I’m also lucky enough to be apart of a great record label called Milk! Records, started and run by Courtney Barnett. Playing alongside some of your favourite bands is always a bit of a spin out too. It’s all just good fun.

Some young people who are passionate about music, sound production etc., don’t pursue a career after school in this area, as they are concerned they won’t have a secure job. What advice can you offer young people who are thinking about pursing a career in this industry?

My advice is, if you love something do it. When I very first moved to Melbourne after school, I was a bit scared of putting myself out there and kinda buried my head in a job I hated and didn’t play much music. I quickly became very depressed and bitter and jealous towards my friends who were having heaps of fun playing in their bands and touring around. And even though I had a lot more money that most of them because of my job, it didn’t mean anything and it sure didn’t make me happy.

Even though I am a professional touring musician, I still have to work part time as a carpenter now to help pay my rent and that kind of thing. But I’m a very happy person and I love my life. So I guess, if you love something, do it. And if you aren’t earning heaps of money, you’ll find a way to do both and keep your head above water. You just gotta be smart about the way you go about things.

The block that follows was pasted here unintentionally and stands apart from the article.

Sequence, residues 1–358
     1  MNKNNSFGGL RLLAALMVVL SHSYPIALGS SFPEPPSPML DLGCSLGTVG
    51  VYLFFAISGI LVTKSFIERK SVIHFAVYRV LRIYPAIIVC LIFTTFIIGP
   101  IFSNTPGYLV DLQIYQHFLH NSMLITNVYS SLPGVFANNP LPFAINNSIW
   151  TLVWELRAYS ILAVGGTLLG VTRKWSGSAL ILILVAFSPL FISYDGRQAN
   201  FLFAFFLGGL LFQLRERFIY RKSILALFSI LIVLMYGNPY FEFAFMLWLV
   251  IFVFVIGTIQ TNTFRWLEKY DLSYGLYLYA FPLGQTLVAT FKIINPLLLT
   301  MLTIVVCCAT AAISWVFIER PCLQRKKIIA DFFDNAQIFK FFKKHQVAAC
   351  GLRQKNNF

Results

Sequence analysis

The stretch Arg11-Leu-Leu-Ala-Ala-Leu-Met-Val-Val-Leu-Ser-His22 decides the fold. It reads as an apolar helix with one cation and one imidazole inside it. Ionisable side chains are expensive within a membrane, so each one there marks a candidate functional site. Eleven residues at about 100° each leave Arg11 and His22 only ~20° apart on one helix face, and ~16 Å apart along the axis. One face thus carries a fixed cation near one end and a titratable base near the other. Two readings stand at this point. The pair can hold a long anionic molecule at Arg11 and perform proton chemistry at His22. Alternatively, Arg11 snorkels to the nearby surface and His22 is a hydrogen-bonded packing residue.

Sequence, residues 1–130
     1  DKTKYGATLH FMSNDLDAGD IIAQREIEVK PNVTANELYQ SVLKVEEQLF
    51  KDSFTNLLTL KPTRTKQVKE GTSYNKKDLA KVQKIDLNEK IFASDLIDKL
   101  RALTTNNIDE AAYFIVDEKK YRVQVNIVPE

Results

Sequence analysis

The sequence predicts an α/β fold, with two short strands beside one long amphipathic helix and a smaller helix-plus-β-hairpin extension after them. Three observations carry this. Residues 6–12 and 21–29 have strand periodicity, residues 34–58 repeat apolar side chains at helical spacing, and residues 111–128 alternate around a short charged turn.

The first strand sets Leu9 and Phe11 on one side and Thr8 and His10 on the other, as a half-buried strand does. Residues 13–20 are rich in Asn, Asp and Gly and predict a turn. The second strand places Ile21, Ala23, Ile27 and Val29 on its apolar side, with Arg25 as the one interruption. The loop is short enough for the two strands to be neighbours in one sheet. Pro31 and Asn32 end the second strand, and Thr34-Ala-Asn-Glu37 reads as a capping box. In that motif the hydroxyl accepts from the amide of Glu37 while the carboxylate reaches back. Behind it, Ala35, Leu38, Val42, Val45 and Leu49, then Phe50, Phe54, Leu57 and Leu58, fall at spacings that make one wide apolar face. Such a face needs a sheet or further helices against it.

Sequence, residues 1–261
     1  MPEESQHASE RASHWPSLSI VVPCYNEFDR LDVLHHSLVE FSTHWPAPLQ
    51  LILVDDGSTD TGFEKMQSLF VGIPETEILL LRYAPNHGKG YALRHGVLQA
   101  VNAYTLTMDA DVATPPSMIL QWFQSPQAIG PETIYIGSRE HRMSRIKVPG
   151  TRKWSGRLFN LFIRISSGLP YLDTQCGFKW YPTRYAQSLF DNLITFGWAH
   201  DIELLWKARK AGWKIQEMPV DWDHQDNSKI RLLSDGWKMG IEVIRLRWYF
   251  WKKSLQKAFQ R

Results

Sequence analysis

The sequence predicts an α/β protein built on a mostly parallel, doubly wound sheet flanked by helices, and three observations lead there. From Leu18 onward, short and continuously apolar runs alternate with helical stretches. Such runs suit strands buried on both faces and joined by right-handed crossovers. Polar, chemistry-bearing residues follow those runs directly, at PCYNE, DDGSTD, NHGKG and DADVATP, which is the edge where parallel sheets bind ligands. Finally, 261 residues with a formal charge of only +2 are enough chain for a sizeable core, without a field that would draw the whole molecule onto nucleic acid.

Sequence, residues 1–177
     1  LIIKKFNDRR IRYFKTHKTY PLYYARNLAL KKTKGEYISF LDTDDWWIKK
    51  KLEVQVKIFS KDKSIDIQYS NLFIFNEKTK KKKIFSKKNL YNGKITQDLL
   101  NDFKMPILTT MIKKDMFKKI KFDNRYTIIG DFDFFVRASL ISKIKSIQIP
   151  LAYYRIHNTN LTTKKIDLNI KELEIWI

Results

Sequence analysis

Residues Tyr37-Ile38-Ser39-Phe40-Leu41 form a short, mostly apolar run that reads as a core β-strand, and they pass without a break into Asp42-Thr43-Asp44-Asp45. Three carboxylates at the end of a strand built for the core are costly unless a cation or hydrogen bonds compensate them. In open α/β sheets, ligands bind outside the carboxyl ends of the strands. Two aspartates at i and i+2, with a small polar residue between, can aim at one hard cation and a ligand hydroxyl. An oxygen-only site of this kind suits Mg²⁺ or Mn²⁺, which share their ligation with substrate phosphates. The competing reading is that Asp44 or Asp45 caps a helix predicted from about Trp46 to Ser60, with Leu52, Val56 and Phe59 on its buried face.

There is a saying that ‘if you find a job you love, you’ll never work a day in your life’. What do you find to be personally fulfilling about your career in music? 

I’m unsure if I can actually pinpoint what it is that is fulfilling about what I do. It’s kind of a deeper feeling than that. It’s not as tangible as “I play music because of this….”. It’s just a thing I do, like a reason to get out of bed in the morning. I don’t really question it. It’s like a purpose in life. Without music I’d probably be a bit lost in the world. It’s just a vice that I use to create my own happiness and deal with my problems. And it’s also really fun and addictive. It’s like a drug or something. A drug that won’t kill you, it’ll just make you better. Deep.

Keeping in mind that careers are constructed over your lifetime, what are your career goals and plans for the future?

I’m currently finishing writing my second album which I’m looking forward to releasing next year. Then I’ll start touring again and spend a bit more time overseas. My goal is to write great songs, perform them to anyone who wishes to listen and enjoy my life.

Any other comments or advice you can offer young people considering a career in your profession? 

I would say, for young musicians, the very crux of the entire thing is to make sure your music is good before you do anything else! Make sure your music/songs are good, and if it is, then make sure your live show is good. Get that sorted first. And the rest will follow.

I see a lot of young bands these days getting really hung up about getting record deals or booking agents or all the music industry stuff that at the end of the day means not too much….if your music is good. And your band is good. And people enjoy it. The rest will follow. Grab your mates, get in the garage, and have a goddamn crack.

Also do things because they are fun, and make you happy. If what you are doing becomes no longer fun, and makes you sad, have a look at your life and adjust it accordingly. I have to remind myself that a lot.